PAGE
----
Wednesday, January 26, 2011

An imminent food price increase

An imminent food price increase

IN this space last week I wrote about the likelihood of Pakistan’s already battered economy receiving another shock sometime soon. In 2011 the economy is likely to be hurt by an imminent and significant rise in the prices of commodities.

Last week, I wrote about the recent trends in the movement of two groups of commodities: energy producing items and metals. Today I will turn to the likely impact of a number of global developments on the prices of agricultural commodities several of which are important in Pakistan’s import basket.
There is a mounting anxiety in international circles that we are about to witness an extraordinary increase in the prices of several agricultural commodities that enter the food chain.

While the economy was hammered by a number of domestic developments in the last couple of years – some of them brought on by nature such as the flood last summer of biblical proportions and some by poor public policies – further shocks are likely to be delivered by a series of developments in the international market place over which policymakers have no control.

In these difficult times Pakistan cannot afford to alienate its foreign friends. The policymakers’ poor performance in the area of domestic resource mobilisation means that its relations with the International Monetary Fund and much of the Western world will remain strained. Pakistan’s leaders will have to demonstrate that they can gather the political will needed to introduce long postponed structural reforms in particular of the tax system. They will need to do this before the donors are prepared to loosen their purse strings and come to the country’s help one more time. Help will be needed if the prices of the imported commodities increase and begin to eat into the accumulated reserves.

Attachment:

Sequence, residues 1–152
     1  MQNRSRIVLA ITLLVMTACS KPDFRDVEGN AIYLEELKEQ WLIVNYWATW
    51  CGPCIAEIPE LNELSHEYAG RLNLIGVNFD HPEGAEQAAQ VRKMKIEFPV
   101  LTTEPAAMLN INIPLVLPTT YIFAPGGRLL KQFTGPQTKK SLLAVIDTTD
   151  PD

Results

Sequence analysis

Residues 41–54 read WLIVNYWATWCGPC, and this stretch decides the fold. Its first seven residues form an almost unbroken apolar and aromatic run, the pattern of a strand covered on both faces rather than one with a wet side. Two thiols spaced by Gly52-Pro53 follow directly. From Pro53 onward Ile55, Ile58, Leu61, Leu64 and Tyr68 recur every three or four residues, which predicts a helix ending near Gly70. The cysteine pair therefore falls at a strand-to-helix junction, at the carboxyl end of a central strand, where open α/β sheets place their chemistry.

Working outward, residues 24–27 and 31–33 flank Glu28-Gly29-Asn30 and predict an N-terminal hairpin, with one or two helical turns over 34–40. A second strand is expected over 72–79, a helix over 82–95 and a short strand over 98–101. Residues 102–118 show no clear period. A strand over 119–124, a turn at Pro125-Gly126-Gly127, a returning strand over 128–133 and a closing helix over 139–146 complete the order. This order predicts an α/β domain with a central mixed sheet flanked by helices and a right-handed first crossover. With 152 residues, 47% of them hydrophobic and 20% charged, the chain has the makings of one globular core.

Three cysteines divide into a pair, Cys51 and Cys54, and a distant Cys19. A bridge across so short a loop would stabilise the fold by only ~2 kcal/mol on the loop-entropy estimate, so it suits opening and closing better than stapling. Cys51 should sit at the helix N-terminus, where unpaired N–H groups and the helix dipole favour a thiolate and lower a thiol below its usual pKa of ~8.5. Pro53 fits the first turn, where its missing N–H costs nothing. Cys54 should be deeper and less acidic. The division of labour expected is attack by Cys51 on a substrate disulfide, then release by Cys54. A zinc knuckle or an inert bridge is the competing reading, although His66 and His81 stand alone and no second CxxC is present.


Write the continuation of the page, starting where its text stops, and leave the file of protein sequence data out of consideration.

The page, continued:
Much of IMF $11.3 billion standby credit has arrived and is responsible for taking the foreign exchange reserves to a comfortable level. But the Fund has stopped further disbursements since Pakistan has not been able to meet one of the more important conditions: improving the tax system to generate more resources from within the economy. With the Fund stepping aside, Pakistan has very limited options available to meet the pressure on external accounts that will result from a rise in commodity prices.

As is usually the case with commodities, price rises are the result of a number of factors: natural disasters and changes in weather conditions, changes in the structure of demand in large countries, actions by the governments across the globe, and speculation in the forward markets. All these are in play at this time.
Russia, a major producer of wheat had one of the hottest and rainiest summers in 2010. That affected wheat output. Australia has faced serious floods in their summer (our winter) as did Pakistan. Both countries are important producers of several commodities. Argentina had a long dry spell that has affected its grain output.
Financial speculators are adding fuel to the fire that is burning in the commodities markets. Money flows have been large in recent months. Barclays Capital estimates $60 billion was injected into commodities in 2010 contributing to the increase in these prices.

Figures from the Commodity Futures Trading Commission, the US regulator, reveals very bullish bets among many mangers such as hedge funds. Concerns about speculation in the markets has prompted the United States Congress to begin to worry about the impact on the level of prices that may follow heavy trading by speculators not connected with the fundamentals of the market – supply and demand changes. Some US Senators have warned of a “speculative bubble that threatens to drive up gas and food prices even further.” They have threatened to take legislative action if the speculators continue to affect market stability.